Martha is one of my favorite moms in the world. Not to pick favorites, but ... she's pretty fantastic. I love her heart. We became online crafty friends years ago, and got the change to meet up in real life on a few separate occasions. The last time we hung out in Chicago, she told me that she was going to begin the process of adopting the beautiful girl you see here. This was long before Martha had ever seen a photo of this little girl, before she knew where she was from or what her name was. Since then, I've followed along with them as they found their way through their beautiful journey. A journey that began with a whole lot of waiting/hoping/wishing right here in the midwest which built up to an amazing adventure through Beijing, Xi'an, Guangzhou and Hong Kong China to bring their daughter home. Their daughter ... who I have watched from afar transform into a super smiley kid, bursting with energy, personality and pure gorgeousness. You see the love in her eyes and the love she shows is the love she gets. (That's Martha.) If you want to see a beautiful (tear-jerking, but in a happy way) video of Frances' journey home, click here. It's amazing. Watch. And to read more about life at home with Martha + family, check out her blog, Mugsyboo.

momlove: bergen by jen geigley

In celebration of Mother's Day later this month, I invite you to indulge in a little momlove, a series of guest blog posts by the best of the best. I've invited some of my very favorite blogger moms to share a little bit of their wisdom and experience here.

Meet my friend Bergen.

Before I had my daughter, Johanna, I swore to myself that I would not change after we had our baby. I have always been fiercely independent, and it was important to me to maintain my sense of individuality and not to get lost in motherhood. I would not just become Jo’s mama – I would also maintain my identity as Bergen.  

Jo is 18 months old now and so much in my life has changed. My relationships with others have changed. My social activities have definitely changed. I have changed in many ways. I’ve also stayed the same. It’s like saying everything is different – and nothing is different.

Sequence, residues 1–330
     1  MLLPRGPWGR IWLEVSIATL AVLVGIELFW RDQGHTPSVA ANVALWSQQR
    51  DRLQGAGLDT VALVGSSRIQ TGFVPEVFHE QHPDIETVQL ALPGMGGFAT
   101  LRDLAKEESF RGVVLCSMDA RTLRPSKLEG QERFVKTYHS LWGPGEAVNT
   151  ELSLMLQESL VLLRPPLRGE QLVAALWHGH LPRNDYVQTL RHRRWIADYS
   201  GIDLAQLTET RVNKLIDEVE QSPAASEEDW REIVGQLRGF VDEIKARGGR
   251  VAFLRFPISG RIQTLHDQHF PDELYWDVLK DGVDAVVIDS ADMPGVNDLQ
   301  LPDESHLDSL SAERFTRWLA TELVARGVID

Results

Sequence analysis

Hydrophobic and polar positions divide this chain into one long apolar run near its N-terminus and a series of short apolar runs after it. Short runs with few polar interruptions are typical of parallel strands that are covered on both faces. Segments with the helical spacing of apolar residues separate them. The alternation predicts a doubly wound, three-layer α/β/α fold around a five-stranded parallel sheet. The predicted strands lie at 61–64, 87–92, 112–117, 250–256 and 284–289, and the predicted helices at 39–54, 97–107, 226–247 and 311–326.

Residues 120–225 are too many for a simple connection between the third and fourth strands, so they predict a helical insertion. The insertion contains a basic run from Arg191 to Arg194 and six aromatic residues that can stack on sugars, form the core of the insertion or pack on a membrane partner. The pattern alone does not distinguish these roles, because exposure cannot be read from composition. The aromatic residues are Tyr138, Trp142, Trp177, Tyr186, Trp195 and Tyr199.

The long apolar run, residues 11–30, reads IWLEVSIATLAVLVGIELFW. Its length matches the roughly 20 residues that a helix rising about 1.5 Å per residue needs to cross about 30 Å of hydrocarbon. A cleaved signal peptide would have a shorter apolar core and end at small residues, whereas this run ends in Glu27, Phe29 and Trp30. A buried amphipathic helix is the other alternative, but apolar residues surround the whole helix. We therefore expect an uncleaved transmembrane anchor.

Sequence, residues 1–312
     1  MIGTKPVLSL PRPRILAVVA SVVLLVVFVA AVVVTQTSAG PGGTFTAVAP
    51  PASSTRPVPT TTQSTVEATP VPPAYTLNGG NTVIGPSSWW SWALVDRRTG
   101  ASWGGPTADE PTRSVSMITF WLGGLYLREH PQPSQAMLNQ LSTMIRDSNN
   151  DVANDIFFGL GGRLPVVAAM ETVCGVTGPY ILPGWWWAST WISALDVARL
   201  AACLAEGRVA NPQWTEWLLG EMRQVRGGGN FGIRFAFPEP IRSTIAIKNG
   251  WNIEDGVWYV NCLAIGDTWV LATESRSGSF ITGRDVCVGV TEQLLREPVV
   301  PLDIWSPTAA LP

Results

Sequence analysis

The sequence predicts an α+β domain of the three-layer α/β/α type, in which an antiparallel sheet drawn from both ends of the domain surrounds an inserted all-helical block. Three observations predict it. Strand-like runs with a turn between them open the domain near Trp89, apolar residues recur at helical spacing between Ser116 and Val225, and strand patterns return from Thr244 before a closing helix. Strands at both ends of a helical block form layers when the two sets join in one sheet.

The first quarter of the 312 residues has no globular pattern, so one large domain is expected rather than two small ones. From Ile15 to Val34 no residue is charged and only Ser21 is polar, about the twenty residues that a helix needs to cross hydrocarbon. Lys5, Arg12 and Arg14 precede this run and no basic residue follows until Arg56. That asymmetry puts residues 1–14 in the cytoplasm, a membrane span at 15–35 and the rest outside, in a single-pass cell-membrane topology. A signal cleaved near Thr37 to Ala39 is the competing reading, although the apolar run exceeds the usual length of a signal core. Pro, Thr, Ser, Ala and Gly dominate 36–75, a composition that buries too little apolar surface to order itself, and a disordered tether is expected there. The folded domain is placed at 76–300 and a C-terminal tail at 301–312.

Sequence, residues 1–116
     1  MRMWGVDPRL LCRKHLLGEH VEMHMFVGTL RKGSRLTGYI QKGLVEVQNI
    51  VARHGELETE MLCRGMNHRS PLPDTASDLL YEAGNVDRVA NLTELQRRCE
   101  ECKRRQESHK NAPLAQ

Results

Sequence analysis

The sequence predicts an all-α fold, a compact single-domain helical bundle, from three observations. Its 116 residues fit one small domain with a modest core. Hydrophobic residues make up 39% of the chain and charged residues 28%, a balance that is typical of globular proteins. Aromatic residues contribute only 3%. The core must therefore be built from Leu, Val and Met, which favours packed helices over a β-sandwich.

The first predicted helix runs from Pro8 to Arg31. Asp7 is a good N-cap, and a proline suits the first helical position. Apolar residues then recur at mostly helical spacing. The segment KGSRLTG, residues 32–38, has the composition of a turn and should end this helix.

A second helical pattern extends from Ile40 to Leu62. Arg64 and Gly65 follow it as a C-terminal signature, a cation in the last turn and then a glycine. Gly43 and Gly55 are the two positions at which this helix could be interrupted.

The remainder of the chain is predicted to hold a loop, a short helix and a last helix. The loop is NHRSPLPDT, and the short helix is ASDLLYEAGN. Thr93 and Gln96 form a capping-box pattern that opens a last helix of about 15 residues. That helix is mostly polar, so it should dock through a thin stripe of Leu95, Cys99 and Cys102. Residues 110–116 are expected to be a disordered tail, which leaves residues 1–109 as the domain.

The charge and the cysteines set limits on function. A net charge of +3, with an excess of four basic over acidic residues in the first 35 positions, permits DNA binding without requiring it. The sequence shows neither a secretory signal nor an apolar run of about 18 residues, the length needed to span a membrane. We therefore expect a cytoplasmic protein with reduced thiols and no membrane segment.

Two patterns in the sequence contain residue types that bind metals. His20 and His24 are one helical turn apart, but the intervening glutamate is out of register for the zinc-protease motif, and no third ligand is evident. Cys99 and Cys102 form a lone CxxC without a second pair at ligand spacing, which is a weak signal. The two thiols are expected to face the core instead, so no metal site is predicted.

Of course, I’m still me. Still fiercely independent. Still deeply creative. Still extremely motivated. But being a mother has unlocked something in me. Having Jo has changed me in so many ways that I never would have expected. And I wouldn’t have it any other way. 

And all of a sudden as I write this, I’m weeping. My mama has said that Jo did that to me. She says that Jo has softened me. Taken the edge off. Not that I was super hard before Jo, but I definitely had walls up. My experiences as a mother have peeled away layers that make my emotions so much closer to the surface. It’s not that I feel more, but I feel everything differently. I’ve also learned to be less judgmental. I have more patience – with myself and with others.  Motherhood has opened me up. 

And I’m going through something right now because of where we’re at as a family that might never have happened had I not become a mother. Something is happening. Something really really good. 

I cut all my hair off recently, for one thing. Not huge in the scope of life, but a big deal for me since my hair has been long for most of my adult life. It’s been important to me. It was a part of who I was. And now that it’s gone I feel lighter, refreshed, and renewed. It’s as if my energy has shifted just because of that one simple change.